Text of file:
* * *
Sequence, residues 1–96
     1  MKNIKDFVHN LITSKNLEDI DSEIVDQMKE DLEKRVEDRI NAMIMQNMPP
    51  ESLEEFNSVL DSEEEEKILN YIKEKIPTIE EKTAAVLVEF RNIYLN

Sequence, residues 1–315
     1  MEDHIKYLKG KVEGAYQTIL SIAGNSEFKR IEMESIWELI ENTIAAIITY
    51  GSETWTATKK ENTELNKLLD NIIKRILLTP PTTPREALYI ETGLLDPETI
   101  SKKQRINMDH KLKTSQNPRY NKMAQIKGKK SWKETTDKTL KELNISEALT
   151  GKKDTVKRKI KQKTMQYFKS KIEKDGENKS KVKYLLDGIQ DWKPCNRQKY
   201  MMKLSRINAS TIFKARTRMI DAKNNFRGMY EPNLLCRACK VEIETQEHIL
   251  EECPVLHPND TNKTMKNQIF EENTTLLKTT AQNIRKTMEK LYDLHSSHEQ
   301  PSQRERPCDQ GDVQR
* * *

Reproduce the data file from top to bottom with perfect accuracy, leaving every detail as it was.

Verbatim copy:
Sequence, residues 1–96
     1  MKNIKDFVHN LITSKNLEDI DSEIVDQMKE DLEKRVEDRI NAMIMQNMPP
    51  ESLEEFNSVL DSEEEEKILN YIKEKIPTIE EKTAAVLVEF RNIYLN

Sequence, residues 1–315
     1  MEDHIKYLKG KVEGAYQTIL SIAGNSEFKR IEMESIWELI ENTIAAIITY
    51  GSETWTATKK ENTELNKLLD NIIKRILLTP PTTPREALYI ETGLLDPETI
   101  SKKQRINMDH KLKTSQNPRY NKMAQIKGKK SWKETTDKTL KELNISEALT
   151  GKKDTVKRKI KQKTMQYFKS KIEKDGENKS KVKYLLDGIQ DWKPCNRQKY
   201  MMKLSRINAS TIFKARTRMI DAKNNFRGMY EPNLLCRACK VEIETQEHIL
   251  EECPVLHPND TNKTMKNQIF EENTTLLKTT AQNIRKTMEK LYDLHSSHEQ
   301  PSQRERPCDQ GDVQR